If you’re a customer with AT&T and a heavy data user you’re probably in for an unpleasant surprise. The No. 2 U.S. carrier is about to cap its unlimited data plan meaning that users who download plenty of music, video and apps are likely to have to pay the price for the privilege.
In a bid to cope with web data demands AT&T has opted to effectively end its all-you-can-eat smartphone plan by putting a new monthly usage cap in place. If that limit is exceeded those subscribers will then receive much slower speeds as a penalty. In another move the company has alerted users of the most basic handsets that they will need to upgrade their phones or they may not be able to receive or make calls.
Plans for AT&T to acquire T-Mobile recently came to an end after the move was blocked so at a time when its user base is not growing as quickly as previously it’s evident from these moves that AT&T hopes to increase profits from other options. Promoting the use of higher-level smartphones and offering capped data plans are two ways of doing this. However AT&T’s stand on ending unlimited data plans is that it will improve the service to all its customers.
AT&T and Verizon have spent huge amounts maintaining networks and building news ones to cope with the demand of newer technology and Sprint and T-Mobile are also to develop 4G LTE networks. However while denting carrier profits it’s actually the manufacturer of devices using the networks that have made the most money out of them to date. AT&T made clear its intentions of optimizing profits in 2010 when it became the first of the main carriers to cease offering unlimited data plans to new subscribers. The alternative tiered contracts meant that those who used the greatest amounts of data were charged higher prices and in January prices of those plans rose by up to 33%, as reported by the WSJ.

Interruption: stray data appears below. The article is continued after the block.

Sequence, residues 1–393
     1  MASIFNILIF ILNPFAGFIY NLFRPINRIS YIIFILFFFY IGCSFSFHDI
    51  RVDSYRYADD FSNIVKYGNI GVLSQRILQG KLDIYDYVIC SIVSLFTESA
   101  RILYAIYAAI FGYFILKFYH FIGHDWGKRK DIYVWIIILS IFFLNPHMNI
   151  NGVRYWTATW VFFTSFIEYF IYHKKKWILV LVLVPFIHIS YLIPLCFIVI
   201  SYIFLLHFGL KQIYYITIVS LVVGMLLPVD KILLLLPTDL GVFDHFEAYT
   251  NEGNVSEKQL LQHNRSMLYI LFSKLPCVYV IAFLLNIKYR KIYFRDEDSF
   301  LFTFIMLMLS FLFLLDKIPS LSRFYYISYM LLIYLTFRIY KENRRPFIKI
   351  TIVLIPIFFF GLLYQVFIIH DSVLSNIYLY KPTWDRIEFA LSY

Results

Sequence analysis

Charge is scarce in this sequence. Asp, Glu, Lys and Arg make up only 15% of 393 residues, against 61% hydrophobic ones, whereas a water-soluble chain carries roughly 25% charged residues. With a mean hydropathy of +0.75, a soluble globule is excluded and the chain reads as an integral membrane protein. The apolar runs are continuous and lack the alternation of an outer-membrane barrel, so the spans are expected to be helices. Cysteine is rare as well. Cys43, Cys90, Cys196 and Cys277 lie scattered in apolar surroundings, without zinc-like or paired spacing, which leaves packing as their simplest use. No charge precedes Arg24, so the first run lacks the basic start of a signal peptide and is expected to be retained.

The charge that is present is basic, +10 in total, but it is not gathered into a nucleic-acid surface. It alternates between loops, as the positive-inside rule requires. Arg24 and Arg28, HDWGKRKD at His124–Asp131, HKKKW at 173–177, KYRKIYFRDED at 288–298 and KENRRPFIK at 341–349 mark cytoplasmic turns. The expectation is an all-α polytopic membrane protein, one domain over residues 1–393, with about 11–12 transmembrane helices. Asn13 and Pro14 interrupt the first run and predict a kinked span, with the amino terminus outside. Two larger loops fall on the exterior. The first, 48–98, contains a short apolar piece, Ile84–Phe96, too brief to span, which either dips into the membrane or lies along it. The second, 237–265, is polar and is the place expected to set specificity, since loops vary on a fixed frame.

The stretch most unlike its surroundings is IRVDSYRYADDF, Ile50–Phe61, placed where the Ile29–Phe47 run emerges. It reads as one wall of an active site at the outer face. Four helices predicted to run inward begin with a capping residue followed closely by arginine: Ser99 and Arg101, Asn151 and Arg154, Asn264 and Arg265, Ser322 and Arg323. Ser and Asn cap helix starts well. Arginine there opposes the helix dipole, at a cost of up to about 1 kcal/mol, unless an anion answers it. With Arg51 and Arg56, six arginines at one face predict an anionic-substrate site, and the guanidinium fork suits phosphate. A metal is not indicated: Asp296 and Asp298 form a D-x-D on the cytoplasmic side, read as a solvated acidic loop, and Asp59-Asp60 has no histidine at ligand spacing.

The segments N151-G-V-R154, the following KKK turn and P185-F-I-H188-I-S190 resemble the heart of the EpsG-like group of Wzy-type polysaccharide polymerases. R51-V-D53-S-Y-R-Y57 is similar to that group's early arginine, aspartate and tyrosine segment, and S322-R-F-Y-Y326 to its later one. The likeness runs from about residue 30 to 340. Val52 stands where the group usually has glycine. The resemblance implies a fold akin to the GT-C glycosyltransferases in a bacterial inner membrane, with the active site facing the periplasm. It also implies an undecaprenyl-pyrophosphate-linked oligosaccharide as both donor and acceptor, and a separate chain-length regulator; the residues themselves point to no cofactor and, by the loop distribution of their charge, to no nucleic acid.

Those who had grandfathered unlimited plans were initially relieved that they already had their $30 unlimited data plans in place but that’s all set to change with the news that download speeds will be reduced if more than 3GB a month of data is used. AT&T says that this amount equates to around 10 hours streaming of HD video. It’s all rather vague at the moment, just how much those speeds will be lessened though and spokesman Mark Siegel defended the new guidelines by saying the changes needed to be made clear so that those with unlimited plans would know when their limits had been exceeded and their downloads would be slowed.
One user who successfully sued AT&T over slowing down his speeds said that the difference was “gigantic” and worked out that his download speeds changed from 5MB per second down to 0.26MB per second. However some people have pointed out that bringing in the cap for the heaviest users is clearer and fairer than its previous policy where the top 5% of heaviest users (in individual markets) Internet downloads were slowed down. Ultimately though it means that the differences now between its capped “unlimited” plan and it’s $30 plan that charges more for over 3GB of use, is minimal.
Those who are subscribing to the new LTE network will be able to use up to 5GB of data per month under the ‘unlimited’ plan before being penalized. On unlimited family plans the limit will apply for each device. We’d really like to hear your views on these AT&T changes. Do you think unlimited really should mean unlimited, or maybe you think the changes are necessary as mobile Internet traffic grows, to give all subscribers a good service?